Country Music People May 2019 - Page 18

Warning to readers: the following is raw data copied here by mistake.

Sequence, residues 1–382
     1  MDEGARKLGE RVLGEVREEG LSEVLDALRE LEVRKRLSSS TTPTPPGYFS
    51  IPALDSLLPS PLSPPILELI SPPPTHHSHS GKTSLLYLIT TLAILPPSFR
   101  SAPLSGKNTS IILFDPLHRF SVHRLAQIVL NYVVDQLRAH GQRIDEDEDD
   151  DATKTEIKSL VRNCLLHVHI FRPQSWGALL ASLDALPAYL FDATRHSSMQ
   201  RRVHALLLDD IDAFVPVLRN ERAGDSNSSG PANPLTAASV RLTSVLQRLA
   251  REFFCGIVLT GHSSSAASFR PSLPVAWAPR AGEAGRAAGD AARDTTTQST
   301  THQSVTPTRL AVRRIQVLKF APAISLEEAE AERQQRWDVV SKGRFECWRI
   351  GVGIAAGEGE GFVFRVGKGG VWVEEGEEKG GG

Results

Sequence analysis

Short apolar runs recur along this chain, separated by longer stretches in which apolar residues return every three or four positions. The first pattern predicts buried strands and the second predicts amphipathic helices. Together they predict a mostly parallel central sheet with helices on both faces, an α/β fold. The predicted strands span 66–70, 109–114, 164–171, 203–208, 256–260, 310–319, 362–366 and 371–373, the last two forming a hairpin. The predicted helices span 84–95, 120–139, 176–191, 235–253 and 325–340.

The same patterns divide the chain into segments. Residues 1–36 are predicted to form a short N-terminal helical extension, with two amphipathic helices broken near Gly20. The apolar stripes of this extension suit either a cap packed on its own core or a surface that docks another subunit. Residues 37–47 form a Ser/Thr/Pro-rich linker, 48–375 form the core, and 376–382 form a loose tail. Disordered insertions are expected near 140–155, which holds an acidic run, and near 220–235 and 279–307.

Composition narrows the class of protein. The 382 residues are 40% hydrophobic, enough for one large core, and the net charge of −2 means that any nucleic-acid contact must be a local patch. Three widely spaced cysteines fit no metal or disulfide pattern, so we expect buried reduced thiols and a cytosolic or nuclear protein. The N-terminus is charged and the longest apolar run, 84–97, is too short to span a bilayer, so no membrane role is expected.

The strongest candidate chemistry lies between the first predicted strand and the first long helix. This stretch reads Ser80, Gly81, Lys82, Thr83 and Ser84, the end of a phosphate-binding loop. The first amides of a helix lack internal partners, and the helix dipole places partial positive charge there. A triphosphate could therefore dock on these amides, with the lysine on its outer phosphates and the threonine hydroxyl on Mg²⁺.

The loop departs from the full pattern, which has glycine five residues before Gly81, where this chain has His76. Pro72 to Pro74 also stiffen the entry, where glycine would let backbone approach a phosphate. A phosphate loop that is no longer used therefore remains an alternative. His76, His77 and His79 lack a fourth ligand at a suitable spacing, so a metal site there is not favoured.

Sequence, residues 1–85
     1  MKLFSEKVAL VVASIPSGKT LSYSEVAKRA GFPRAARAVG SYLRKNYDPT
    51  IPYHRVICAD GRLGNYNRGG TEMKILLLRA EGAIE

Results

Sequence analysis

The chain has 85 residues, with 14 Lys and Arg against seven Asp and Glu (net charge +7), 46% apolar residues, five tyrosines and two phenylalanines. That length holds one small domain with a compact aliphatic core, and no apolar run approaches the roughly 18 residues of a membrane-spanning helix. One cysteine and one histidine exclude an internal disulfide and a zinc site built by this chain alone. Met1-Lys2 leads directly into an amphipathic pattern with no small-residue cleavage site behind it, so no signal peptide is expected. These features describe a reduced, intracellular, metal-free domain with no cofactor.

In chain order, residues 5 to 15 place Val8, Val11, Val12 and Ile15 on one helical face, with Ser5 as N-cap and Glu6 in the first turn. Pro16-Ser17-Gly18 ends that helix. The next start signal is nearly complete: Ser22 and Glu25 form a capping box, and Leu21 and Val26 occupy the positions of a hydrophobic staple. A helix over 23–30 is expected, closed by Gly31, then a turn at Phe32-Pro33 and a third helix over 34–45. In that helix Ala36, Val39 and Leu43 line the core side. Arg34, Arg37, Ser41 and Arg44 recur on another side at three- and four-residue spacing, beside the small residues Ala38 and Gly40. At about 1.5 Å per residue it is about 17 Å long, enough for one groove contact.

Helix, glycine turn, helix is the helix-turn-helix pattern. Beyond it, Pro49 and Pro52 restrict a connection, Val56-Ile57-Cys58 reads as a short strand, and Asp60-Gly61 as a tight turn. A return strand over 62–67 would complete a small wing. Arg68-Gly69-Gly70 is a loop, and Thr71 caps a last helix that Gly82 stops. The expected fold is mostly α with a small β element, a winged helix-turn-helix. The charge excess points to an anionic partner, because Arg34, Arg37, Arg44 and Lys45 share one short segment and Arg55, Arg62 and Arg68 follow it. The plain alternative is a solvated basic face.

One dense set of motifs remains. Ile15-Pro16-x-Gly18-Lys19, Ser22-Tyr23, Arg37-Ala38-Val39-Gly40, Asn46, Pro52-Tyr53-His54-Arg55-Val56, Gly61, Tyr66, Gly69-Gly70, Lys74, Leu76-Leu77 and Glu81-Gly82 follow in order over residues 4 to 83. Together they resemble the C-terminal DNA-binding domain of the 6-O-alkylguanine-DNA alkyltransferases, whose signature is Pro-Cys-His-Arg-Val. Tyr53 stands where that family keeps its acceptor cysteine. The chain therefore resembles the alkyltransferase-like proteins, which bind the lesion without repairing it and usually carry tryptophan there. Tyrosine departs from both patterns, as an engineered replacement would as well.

H o n ky T o nk s , H o t p ants a n d B r o kenHe a r ts B CHRIS SMITH SPEAKS TO UK SINGER-SONGWRITER HANNAH JOHNSON ecoming anything other than a musician does not seem to have ever crossed Hannah Johnson’s mind; not just a musician though, a musician playing genuine country music. “I remember from a very early age being invited to get up and sing at Dad’s gigs,” she told me; Dad being much respected banjo picker, steel guitar session man and doyen of the Dobro Stuart Johnson. “He was always playing, at gigs or practicing at home and my sister Sophia and I just grew up immersed in the music.” Hannah is the younger of the two siblings; by the time she got her first guitar at the age of 14 her elder sister was already more than competent on the instrument and the two would practice together, harmonising vocals on classics such as Ernest Tubb’s Thanks A Lot and Bill Monroe’s Can’t You Hear Me Callin’? Once the girls had worked up half a dozen songs as their repertoire it was a simple task to pop downstairs and ask Dad if he would sit in on their practice sessions to add banjo and Dobro to the sound. He, of course, agreed and The Toy Hearts (the name taken from another Bill Monroe song they had learned) were formed. Dad’s experience and advice were invaluable. “He believed that performing live regularly would be the most expedient way for us to develop and hone our craft so he managed to find us a weekly residency in our hometown of Birmingham.” Working every week without fail from their mid teens taught them how to engage an audience, how to hold the 18 cmp - MAY 2019 attention of that audience and how to get people coming back again week after week; experience which helped establish The Toy Hearts in America and across Europe. Hannah told me, “We’ve always made more money outside of the UK, particularly in the United States where the tipping culture is really important. If the band play a song you like it’s perfectly normal to go and throw some money in their tip jar.” Hannah believes music is for dancing. “In Texas,” she explained, “as a band it is your job to keep people dancing, so you need to deliver plenty of shuffles and waltzes. It’s no big deal to play two hours straight, or at somewhere like Gruene Hall in New Braunfels, they expect four hours on a Saturday or Sunday afternoon. It’s hard work, and I love it.” She also loves the fact that many of those authentic honky-tonk bars eschew the notion of so-called modern country; seeing a big hand written sign the management have stuck on the dressing room door reading “ABSOLUTELY NO WAGON WHEEL” or similar is not uncommon. It is at these shows where Hannah acknowledges the importance of Dad’s insistence on paying those early dues in Birmingham pubs. “I am truly bloody grateful to my Dad for making us do those weekly residency spots. It means I have a sufficient wealth of material to meet the demands of those long sets.” I asked Hannah what prompted the switch from Toy Hearts to a solo career and she had to think long and hard before answering. “In all truthfulness,” she confided, “the music industry in the UK nearly killed our family. It caused so much heartache and mental turmoil that in the end it almost destroyed us all – both financially and emotionally.”